Home China admits its soldiers died during Galwan clash with Indian Army in Ladakh, reveals names

China admits its soldiers died during Galwan clash with Indian Army in Ladakh, reveals names

by Radhe Gupta
Asian Age

The Army rescued 447 tourists stranded due to heavy snowfall near the India-China border in Sikkim on Thursday. The tourists were stuck on the Nathu La- Gangtok road following a severe snowstorm and subzero temperatures.
Nathu La is a premier tourist attracChina has officially admitted that its soldiers were killed in Galwan Valley clash the with Indian Army. Acknowledging that casualties were suffered by the country’s military in Galwan, China has named and shared details of four People’s Liberation Army (PLA) soldiers who died during the border clash with Indian soldiers in eastern Ladakh in June last year.

China had earlier refused to disclose details of casualties in the bloody clash in Galwan.

In a report on Friday, the Chinese government’s mouthpiece Global Times said the Central Military Commission of China “recognised” five Chinese frontier officers and soldiers “for their sacrifice in border confrontation with India”. Of the five PLA soldiers “honoured for their sacrifice” by China, four were killed in last year’s Galwan Valley clash in Ladakh with the Indian Army, Global Times report added.

“Five Chinese frontier officers and soldiers stationed in the Karakorum Mountains have been recognised by the Central Military Commission of China for their contributions in the border confrontation with India, which occurred in the Galwan Valley in June 2020,” Global Times quoted the PLA Daily as saying on Friday.

A Reuters report citing Chinese media reported: “Chen Hongjun, Chen Xiangrong, Xiao Siyuan and Wang Zhuoran died a fierce struggle” against “foreign troops”. Chen Hongjun was posthumously awarded the title of “Hero to defend the border,” while the other three were given first-class merit citations, the report added.

China has shared the details of Chinese officers and soldiers who died in the clash with the Indian Army in Ladakh for the first time. Following the clash, while India said 20 Army soldiers were killed in the bloody clash, China refused to reveal its casualty figure and instead termed reports of PLA soldiers being killed in the face-off in eastern Ladakh as “fake news”.

What happened in Galwan?
The border row between India and China erupted in May last year and the stand-off escalated on June 15, when troops from the two sides clashed in Galwan Valley near Patrol Point 14.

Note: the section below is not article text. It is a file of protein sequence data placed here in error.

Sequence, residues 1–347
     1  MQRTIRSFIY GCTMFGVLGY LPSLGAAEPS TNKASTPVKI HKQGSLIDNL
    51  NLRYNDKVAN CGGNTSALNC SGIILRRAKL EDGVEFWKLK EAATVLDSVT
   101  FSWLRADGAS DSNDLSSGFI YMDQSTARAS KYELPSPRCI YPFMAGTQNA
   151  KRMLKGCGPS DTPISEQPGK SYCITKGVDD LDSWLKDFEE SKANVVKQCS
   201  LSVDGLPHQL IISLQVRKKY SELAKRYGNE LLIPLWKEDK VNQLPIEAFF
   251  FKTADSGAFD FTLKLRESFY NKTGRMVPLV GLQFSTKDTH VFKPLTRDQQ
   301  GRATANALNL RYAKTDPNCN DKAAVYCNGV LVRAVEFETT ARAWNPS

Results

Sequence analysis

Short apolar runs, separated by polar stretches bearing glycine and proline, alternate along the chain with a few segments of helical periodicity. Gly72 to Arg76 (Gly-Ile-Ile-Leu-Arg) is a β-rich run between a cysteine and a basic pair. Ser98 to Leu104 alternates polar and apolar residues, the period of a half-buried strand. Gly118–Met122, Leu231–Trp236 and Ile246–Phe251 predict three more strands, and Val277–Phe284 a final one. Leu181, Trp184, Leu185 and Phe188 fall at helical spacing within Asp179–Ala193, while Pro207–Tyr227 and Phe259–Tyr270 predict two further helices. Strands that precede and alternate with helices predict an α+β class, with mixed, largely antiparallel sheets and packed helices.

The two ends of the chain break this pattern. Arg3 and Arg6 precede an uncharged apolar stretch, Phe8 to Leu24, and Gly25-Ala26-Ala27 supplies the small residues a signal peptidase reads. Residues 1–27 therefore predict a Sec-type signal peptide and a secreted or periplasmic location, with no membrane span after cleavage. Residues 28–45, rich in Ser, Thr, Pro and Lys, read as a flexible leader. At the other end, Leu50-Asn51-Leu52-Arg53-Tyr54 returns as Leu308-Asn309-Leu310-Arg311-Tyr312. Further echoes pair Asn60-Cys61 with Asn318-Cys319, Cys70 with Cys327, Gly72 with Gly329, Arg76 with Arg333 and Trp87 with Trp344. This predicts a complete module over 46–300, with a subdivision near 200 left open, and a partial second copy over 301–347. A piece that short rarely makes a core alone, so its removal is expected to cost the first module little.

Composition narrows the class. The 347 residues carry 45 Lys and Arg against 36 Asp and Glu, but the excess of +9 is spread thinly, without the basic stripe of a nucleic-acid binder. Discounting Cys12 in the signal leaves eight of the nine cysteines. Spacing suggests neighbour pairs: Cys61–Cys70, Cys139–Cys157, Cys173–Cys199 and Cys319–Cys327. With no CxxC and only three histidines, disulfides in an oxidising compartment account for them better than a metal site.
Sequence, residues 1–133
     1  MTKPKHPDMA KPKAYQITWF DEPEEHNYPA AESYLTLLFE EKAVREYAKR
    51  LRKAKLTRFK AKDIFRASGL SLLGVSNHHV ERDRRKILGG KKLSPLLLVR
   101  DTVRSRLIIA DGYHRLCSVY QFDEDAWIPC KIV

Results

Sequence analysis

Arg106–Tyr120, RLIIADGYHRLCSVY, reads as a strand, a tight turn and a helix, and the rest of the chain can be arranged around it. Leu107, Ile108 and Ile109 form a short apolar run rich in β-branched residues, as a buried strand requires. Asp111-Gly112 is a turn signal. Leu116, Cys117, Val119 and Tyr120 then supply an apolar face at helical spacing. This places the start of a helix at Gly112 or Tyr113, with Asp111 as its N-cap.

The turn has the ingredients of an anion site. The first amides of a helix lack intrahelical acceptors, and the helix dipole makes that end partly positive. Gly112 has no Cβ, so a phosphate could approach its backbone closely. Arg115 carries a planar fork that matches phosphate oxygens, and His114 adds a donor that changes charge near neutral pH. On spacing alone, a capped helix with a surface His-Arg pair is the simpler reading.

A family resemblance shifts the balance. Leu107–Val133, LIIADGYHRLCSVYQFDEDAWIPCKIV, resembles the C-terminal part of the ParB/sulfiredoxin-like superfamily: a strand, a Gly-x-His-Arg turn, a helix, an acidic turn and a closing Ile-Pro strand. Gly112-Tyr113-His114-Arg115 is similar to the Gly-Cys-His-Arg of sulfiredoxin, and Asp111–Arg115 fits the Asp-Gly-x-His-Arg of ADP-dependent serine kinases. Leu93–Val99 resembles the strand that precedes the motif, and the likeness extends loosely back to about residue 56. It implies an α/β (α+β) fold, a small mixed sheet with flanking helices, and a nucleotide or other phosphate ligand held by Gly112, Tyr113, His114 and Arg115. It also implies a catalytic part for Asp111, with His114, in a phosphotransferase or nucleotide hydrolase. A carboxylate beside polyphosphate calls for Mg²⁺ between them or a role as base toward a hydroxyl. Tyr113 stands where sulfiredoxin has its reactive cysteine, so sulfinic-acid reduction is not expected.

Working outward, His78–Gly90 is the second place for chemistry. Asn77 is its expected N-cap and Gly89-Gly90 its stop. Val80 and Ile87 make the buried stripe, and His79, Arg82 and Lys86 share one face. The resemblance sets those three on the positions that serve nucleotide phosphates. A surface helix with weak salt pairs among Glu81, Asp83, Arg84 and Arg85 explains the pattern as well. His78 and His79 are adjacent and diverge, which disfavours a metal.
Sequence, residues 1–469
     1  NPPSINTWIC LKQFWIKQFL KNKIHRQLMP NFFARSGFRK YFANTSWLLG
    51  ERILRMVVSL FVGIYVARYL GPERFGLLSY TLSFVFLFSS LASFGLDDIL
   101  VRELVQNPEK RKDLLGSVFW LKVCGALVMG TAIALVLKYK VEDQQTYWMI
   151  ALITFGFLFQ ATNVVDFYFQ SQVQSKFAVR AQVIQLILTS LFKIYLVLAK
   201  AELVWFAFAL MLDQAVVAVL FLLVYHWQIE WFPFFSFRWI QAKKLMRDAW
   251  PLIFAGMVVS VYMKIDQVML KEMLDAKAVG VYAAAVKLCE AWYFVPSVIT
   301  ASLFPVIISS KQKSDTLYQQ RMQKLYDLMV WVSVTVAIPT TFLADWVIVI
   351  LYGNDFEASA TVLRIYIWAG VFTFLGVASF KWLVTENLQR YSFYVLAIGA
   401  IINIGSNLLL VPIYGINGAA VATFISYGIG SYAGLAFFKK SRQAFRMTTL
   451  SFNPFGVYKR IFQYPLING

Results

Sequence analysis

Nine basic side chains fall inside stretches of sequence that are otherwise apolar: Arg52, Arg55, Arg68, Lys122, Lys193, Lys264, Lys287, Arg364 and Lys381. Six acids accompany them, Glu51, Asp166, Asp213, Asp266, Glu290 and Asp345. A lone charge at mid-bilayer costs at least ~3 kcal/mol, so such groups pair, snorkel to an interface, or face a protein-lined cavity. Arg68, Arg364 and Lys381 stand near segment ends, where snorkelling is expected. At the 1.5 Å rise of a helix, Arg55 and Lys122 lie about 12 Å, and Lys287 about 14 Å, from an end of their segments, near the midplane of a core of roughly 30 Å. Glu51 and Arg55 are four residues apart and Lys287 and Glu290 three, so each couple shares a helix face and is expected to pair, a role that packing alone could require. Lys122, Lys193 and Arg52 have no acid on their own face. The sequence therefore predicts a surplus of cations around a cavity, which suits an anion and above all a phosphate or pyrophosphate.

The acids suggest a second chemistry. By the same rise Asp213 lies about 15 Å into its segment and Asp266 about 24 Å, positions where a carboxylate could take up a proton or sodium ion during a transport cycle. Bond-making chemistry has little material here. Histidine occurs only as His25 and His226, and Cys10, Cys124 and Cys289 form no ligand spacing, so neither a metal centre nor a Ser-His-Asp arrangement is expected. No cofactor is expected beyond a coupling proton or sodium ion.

While there was no firing, the Chinese troops used stones, clubs and sticks embedded with nails to attack the Indian soldiers.

The violent clash in Galwan marked the most serious military conflict between the two sides in nearly 45 years.

After a nine-month standoff and multiple rounds of military talks, militaries of Indian and China reached an agreement earlier this month on disengagement in the north and south banks of Pangong lake that mandates both sides to cease forward deployment of troops in a “phased, coordinated and verifiable” manner.

The Indian Army also released videos and photographs showing thinning down of troops and dismantling of bunkers, camps and other facilities by the Chinese military in the areas around the Pangong lake in Ladakh in line with the agreed disengagement process between the two sides.

The visuals showed the PLA using a bulldozer to flatten some structures, and vehicles with troops and equipment preparing to retreat to rear bases as part of the infantry disengagement. The photos and videos largely depicted a fast-paced disengagement process in both the North and South banks of the Pangong lake that included withdrawal of troops, removal of machinery and dismantling of temporary structures like bunkers, posts and tents.

READ | Bridges, roads: Satellite data shows China’s long haul plans in Galwan Valley
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WATCH | Explained: What led to the brutal Galwan valley face-off
tion in north Sikkim.

The tourists were travelling in about 155 vehicles that got stuck over a 15-kilometer stretch and started skidding after the snowstorm, said Army sources.

The Army officials, braving the adverse weather conditions, rescued the tourists and provided them with accommodation, food and medical support.

“The tourists were rescued in army vehicles and accommodated inside the barracks of 17 Mile Military Camp. All tourists were provided accommodation while 26 had to be hospitalized and required given critical medical support. There were no major injuries or casualties,” a press statement said.

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